Natural variations exist in gene expression levels and the ultimate concentrations of mesenchymal stem cells, growth factors, and bone morphogenetic proteins among bone graft donors and donor sites.18,19 These variations may suggest individual differences in the healing potential of autogenous bone graft.20 Because of these disparities, attention has been turned to the development of synthetic implants and graft adjuvants as potential methods to enhance fracture healing. Studies have shown that synthetic bone morphogenetic proteins can increase fracture healing rates in long bone fractures21 and can be safely used for fracture nonunion22 and spinal fusion.23 Recombinant human bone morphogenetic protein 2 (rhBMP-2; INFUSE, Medtronic, Memphis, Tennessee) has also been shown in a prospective trial to improve healing rates in patients with acute tibia fractures.21 Many surgeons use synthetic implants in an “off-label” fashion for theoretical enhancement of bony healing and potential for progression to bony union. A search of the literature showed that no prospective cohort study has evaluated the effect of rhBMP-2 as an adjunct to autogenous bone graft in the treatment of fracture nonunion. The current study compared patients treated with autogenous bone graft alone with those receiving autogenous bone graft plus rhBMP-2. Within this set of patients, the current study was conducted to determine whether a synthetic bone morphogenetic protein implant works synergistically with autogenous bone graft, leading to enhanced fracture healing and improved outcomes after treatment of long bone nonunion.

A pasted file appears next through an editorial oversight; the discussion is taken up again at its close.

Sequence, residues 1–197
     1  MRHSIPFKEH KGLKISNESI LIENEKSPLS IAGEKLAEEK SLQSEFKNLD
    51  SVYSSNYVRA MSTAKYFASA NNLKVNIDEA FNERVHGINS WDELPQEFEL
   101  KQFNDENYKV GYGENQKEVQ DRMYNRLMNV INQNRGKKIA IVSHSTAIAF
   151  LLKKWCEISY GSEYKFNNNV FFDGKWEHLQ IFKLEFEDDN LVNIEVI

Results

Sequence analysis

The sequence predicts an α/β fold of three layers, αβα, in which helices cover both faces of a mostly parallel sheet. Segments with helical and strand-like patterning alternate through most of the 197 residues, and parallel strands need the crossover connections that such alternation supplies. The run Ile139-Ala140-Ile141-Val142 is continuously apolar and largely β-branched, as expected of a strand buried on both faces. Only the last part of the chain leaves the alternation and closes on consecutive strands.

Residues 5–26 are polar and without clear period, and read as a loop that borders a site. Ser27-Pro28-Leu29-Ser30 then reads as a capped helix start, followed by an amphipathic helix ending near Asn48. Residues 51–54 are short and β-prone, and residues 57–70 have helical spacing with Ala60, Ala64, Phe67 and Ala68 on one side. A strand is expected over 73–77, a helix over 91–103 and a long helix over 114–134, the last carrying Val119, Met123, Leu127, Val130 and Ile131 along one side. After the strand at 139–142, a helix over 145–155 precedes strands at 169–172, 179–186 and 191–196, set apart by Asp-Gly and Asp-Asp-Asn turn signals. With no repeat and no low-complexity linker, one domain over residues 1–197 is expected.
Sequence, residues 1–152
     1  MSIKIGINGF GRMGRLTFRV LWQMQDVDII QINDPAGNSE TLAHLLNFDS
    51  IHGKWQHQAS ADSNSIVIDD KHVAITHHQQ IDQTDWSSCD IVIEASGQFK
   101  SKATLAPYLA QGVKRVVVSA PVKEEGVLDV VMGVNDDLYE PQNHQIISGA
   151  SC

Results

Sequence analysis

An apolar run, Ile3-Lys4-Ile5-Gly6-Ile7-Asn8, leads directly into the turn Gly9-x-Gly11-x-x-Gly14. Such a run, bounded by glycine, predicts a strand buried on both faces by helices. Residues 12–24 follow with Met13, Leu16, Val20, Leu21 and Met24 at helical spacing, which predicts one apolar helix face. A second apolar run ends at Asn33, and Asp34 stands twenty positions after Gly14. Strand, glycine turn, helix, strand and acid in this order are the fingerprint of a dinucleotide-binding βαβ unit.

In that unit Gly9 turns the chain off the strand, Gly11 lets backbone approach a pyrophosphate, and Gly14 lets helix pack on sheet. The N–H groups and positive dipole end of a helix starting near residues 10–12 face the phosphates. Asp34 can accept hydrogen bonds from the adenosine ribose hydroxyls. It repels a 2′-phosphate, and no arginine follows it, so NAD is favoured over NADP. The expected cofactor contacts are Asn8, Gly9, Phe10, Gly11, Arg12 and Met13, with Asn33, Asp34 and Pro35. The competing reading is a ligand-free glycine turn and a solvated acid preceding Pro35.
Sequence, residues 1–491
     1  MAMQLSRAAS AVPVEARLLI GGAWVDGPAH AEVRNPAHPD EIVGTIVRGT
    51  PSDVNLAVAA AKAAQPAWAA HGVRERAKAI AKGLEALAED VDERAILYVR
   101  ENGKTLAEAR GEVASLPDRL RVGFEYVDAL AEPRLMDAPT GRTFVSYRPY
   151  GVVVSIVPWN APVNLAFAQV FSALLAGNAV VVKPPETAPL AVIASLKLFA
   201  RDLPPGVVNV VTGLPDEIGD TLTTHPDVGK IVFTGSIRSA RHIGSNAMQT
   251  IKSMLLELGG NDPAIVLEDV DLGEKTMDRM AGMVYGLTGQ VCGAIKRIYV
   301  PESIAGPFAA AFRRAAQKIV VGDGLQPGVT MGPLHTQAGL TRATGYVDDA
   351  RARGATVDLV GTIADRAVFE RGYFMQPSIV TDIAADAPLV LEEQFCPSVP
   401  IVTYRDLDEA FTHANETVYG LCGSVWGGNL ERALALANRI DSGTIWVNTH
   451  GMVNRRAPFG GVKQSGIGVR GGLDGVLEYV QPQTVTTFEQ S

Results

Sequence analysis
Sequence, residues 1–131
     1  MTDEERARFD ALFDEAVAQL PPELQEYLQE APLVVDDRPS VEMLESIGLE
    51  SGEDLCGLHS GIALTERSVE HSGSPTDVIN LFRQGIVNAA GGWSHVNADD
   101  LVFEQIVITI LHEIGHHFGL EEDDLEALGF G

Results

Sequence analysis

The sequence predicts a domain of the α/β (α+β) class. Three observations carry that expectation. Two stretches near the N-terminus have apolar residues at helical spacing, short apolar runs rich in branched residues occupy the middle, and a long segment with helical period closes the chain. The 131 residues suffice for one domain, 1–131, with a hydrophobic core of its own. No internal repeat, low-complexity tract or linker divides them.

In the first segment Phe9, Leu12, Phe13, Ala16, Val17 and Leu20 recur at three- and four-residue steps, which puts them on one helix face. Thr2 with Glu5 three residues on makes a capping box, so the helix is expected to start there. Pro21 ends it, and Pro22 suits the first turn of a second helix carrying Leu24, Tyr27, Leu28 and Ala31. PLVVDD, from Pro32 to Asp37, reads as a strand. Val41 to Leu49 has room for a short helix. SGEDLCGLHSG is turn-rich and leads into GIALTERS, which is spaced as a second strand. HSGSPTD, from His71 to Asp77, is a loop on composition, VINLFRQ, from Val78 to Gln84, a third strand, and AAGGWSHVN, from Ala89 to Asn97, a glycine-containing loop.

Materials and Methods
The research protocol and all procedures followed were in accordance with the ethical standards determined by the institutional review board. Written informed consent was obtained from all participants. Between 2004 and 2012, 288 consecutive patients with long bone nonunion who presented to the offices of 2 orthopedists were enrolled in a prospective research registry. These patients were treated with either surgical revision, revision with autogenous bone graft implant, or autogenous bone graft with synthetic implant adjunct. A chart review was performed to compare patients treated with autogenous bone graft alone with those treated with autogenous bone graft plus rhBMP-2. Patients with known infection at the time of consultation were excluded from the study.